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Ethics of AI and Robotics

UC_Berkeley_101020A
[University of California at Berkeley]

 

 

- Overview

Machines mostly learn through a testing process of repeated trial and error. Give a machine lots of data, ask it to answer a question, and then tell the machine whether it gave a correct answer. After repeating this process millions of times (and getting things wrong a lot of the time), the machine gradually gets better at giving correct answers, finding patterns in the data, and working out how to solve increasingly complex problems. 

Machines can only learn based on the data they’re presented with - so what happens if there are problems with that data? We’ve already seen artificial intelligence systems that preference male over female candidates applying for technical jobs, or making a range of errors about people with dark skin tones, based on the biased data they were provided with.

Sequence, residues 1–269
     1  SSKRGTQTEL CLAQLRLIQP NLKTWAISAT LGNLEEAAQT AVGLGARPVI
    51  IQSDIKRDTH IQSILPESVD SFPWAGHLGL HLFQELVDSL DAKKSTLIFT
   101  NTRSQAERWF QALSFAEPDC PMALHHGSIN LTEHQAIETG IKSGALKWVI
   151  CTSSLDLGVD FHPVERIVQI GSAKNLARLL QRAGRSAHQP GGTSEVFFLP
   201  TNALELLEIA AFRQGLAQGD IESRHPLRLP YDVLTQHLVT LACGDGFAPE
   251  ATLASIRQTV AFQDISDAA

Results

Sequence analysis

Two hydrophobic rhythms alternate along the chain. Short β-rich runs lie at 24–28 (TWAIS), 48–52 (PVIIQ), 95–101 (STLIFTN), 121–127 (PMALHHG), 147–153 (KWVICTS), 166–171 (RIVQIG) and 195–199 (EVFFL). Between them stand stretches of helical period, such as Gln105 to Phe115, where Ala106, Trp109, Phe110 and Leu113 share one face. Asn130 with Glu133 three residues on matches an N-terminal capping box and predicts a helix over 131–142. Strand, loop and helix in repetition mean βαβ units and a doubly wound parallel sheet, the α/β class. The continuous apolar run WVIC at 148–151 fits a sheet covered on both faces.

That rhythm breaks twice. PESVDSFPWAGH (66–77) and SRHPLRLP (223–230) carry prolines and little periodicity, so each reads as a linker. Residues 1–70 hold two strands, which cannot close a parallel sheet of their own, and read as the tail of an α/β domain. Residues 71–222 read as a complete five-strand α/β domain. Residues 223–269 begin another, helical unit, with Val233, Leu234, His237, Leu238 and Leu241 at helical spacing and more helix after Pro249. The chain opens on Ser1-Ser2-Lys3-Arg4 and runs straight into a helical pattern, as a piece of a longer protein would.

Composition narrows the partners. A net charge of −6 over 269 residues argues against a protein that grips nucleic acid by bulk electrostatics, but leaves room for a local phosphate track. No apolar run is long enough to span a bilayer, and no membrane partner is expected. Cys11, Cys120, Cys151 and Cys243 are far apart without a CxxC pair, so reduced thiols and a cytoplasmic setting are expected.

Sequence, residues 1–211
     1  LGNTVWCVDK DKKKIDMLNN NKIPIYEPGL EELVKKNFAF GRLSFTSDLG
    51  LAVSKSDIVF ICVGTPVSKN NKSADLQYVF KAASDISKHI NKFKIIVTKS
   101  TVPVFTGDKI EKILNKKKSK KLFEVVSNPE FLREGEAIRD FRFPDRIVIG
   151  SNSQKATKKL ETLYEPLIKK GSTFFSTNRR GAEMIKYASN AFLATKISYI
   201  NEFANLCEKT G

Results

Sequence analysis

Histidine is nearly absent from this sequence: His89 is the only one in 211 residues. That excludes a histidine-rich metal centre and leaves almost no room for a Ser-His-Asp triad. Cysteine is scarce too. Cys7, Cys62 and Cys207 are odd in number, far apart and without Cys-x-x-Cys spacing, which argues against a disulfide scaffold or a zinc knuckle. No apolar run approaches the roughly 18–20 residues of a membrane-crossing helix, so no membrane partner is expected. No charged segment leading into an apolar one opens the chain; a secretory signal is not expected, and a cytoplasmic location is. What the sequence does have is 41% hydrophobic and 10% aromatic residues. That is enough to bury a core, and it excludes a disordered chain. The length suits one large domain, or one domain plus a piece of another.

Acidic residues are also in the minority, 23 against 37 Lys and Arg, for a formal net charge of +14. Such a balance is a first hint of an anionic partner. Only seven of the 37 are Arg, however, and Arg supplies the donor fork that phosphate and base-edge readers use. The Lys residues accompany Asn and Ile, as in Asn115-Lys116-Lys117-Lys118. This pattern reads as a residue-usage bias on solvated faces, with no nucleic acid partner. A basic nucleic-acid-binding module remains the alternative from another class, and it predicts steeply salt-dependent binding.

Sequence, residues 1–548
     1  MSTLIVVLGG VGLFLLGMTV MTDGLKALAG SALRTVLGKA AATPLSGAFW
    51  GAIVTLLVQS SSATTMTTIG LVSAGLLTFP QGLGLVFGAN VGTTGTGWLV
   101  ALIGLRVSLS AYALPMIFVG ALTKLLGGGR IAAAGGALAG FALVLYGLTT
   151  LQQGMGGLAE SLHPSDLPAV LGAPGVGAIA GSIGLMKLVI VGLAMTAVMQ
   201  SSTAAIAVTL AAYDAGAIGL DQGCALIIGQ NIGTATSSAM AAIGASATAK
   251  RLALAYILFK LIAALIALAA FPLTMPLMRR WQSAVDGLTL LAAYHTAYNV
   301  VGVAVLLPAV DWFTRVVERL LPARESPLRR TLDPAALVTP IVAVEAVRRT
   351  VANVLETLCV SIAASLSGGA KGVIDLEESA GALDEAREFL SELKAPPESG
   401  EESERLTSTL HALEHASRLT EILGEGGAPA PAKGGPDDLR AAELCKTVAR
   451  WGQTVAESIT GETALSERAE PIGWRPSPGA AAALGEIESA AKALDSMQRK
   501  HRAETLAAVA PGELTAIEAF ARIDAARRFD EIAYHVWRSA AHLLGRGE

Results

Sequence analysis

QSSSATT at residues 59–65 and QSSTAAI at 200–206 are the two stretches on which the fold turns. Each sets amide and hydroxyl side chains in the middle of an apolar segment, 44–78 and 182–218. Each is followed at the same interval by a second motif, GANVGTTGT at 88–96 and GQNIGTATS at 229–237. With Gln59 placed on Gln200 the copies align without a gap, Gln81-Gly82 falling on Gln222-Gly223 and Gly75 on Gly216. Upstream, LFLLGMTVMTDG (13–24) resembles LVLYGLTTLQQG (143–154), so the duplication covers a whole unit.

We should think very carefully about what it is to be fair and what it means to make a good decision. What does it mean mathematically for a computer program to be fair - not to be racist, ageist, or sexist? These are challenging research questions that we're now facing, as we hand these decisions to machines. Those decisions might have impacts upon someone’s life: decide who gets a loan, who gets welfare, how much insurance we should pay, who goes to jail. We need to be careful about handing those decisions over to machines because those machines may capture the biases of society. That means there’s still plenty of work to do. We need to get better at knowing how to teach machines before giving them too much responsibility. Once we do, the benefits to society will be immense—and we can already see real-world examples of how AI is improving our lives.

 
 

 

[More to come ...]


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